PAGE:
SGA election applications at a high


Alek Fleury

With SGA senate elections coming up April 9 and 10, SGA President Ethan Foley, a junior, makes a speech at the SGA meeting April 2. The election is contested for the first time in two years with 49 candidates vying for 39 seats.

Lee Hughes, Assistant News Editor

This year’s SGA senate elections are contested for the first time in two years.

By 4 p.m. April 5, senior Meghan Driscoll, SGA Elections Committee chair, received 49 election packets of those competing for the 39 senate seats, she said. Driscoll attributed the number to increased campus engagement.

“This is the most we’ve seen in a little while, so we’re really excited,” Driscoll said.

The candidates’ platforms can be found April 8 on SGA’s website, she said.

A link will be sent out to students’ emails the morning of April 9, opening voting until it closes April 10, when those elected will have 24 hours to accept their positions.

“If you want to have your voice and your problems and your suggestions heard, then it’s important to look closely at who is running,” Driscoll said. “Look at what all of these candidates have to say.”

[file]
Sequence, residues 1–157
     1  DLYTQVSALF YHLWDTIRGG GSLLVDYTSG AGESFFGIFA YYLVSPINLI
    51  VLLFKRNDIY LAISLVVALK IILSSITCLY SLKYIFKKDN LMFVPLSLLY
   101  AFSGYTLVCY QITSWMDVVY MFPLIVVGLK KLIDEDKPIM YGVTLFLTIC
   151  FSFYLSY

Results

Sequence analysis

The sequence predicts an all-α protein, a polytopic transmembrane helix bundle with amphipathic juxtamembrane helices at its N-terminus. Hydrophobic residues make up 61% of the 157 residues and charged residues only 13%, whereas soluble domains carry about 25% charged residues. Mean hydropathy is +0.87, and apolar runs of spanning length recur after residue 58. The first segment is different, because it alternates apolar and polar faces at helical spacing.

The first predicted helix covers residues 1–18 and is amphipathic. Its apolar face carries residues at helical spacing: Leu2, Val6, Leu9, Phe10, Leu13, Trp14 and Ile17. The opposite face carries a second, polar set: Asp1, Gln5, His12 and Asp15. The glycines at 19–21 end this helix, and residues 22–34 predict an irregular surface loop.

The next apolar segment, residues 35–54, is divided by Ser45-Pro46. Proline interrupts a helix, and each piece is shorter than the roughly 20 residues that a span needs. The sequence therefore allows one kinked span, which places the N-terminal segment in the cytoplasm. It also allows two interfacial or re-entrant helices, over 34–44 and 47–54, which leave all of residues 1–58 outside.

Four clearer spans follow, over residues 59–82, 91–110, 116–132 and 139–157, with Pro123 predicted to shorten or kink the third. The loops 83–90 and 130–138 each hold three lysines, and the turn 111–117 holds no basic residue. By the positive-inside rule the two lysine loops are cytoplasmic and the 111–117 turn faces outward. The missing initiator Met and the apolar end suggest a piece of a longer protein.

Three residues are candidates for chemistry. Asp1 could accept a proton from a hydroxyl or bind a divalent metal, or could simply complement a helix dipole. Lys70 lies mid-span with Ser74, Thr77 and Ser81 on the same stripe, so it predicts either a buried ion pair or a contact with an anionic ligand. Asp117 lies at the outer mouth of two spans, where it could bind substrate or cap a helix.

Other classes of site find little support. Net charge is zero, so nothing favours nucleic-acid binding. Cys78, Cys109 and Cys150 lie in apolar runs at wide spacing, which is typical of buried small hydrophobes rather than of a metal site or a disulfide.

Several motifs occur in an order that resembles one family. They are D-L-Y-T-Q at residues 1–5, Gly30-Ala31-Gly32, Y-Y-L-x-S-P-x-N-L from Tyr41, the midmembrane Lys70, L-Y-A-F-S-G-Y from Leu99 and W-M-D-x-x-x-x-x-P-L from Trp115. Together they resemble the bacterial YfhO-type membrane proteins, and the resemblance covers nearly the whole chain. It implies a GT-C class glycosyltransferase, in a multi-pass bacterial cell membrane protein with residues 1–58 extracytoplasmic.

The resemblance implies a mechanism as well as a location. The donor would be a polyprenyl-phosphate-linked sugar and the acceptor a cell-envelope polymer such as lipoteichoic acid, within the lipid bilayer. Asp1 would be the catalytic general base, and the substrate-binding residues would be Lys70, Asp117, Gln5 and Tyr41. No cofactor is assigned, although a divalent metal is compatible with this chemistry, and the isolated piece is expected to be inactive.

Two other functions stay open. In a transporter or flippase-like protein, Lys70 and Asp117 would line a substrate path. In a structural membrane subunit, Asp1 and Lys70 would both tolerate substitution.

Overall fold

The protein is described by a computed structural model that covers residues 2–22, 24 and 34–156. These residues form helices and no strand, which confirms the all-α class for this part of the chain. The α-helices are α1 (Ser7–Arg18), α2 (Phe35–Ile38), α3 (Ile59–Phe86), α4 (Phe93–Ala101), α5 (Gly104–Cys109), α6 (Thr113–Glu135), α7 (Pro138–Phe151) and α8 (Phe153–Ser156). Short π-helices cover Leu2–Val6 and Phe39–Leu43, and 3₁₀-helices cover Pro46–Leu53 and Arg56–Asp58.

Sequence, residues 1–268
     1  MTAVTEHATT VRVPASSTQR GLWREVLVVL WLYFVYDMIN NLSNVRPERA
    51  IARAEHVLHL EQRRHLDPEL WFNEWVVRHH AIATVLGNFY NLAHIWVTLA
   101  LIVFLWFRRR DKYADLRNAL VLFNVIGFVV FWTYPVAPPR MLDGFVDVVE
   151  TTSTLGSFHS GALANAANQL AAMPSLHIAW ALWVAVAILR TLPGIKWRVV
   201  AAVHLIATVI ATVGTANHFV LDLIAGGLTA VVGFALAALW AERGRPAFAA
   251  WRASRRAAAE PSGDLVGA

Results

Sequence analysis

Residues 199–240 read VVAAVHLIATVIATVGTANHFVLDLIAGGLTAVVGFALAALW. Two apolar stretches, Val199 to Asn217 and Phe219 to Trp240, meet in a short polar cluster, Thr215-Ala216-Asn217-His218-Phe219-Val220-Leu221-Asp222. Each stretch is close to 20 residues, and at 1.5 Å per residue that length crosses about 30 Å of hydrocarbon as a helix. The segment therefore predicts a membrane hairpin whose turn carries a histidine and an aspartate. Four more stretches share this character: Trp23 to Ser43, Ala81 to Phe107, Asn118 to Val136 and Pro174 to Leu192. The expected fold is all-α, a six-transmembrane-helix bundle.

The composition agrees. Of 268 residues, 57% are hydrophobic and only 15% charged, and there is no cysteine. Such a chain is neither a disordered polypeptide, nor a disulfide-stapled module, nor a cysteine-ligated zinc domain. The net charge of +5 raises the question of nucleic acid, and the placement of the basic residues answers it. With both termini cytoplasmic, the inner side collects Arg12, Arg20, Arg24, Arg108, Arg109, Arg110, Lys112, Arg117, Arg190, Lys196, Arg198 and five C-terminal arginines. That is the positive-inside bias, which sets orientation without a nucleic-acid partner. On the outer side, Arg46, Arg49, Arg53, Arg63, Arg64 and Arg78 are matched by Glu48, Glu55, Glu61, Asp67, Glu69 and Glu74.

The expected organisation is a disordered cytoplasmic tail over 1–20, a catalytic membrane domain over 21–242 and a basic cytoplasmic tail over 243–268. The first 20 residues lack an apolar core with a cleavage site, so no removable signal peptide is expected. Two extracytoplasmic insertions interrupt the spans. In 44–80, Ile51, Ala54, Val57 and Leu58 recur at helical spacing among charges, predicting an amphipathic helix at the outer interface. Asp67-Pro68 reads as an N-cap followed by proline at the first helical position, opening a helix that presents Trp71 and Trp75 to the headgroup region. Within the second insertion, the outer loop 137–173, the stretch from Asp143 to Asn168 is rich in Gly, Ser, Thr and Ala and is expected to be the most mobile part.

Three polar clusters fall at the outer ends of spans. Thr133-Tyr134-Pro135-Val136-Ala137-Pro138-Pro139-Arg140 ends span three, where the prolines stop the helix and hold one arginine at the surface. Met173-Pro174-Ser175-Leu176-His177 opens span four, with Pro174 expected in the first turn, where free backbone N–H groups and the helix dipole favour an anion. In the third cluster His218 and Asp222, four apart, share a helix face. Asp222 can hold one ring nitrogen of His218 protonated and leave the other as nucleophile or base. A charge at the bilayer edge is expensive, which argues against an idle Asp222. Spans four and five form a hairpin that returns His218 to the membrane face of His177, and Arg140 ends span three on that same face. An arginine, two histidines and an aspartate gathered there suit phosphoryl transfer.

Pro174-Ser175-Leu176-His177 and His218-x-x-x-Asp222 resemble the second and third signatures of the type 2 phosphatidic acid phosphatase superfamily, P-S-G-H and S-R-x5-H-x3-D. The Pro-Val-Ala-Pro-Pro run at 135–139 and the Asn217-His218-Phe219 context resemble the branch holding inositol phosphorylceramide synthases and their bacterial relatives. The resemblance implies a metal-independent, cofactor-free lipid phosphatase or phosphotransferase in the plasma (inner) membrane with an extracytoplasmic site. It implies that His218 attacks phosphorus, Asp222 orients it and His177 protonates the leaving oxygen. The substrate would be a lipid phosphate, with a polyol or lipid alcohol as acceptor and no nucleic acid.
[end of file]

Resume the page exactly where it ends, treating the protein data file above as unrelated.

Daphne Wells, director of student life, said SGA elections give students a say in how  things like how their student fee money gets spent, what issues to bring before administrators and more.

“Any suggestions, concerns, wants or needs that the student body has, ideally SGA will be connected enough to the student body via their senators and their committees to know what those are,” she said.

SGA is supposed to help bring the issues raised by students and activists on campus to administrators and help them see what can be done to address those issues, Wells said.

Sophomore Aidan Doherty, current chair of the Student Action Committee, is running for reelection as a senator.

He plans to run within SGA for the position of speaker if he wins his senator election, he said.

Doherty sees SGA as the way for students to amplify their voices and make change on campus, he said.

“Don’t do it for you. Do it for the people whose voices aren’t being heard,” he said.

Voting is important both for individuals and for helping those who are especially vulnerable or overlooked on campus, he said.

“The best way to address those issues is through the senate. There is no organization whose goal is to so holistically look out for the University of Vermont student.”

SGA can help students navigate the University bureaucracy and get the issues they care about addressed by administrators, Doherty said.

“Go to your regular Queer Student Union meeting, continue voting in your local elections and continue playing your instrument down at the music hall, but at the end of the day we all need to come together for SGA.

“It has to be SGA in the coming years,” he said.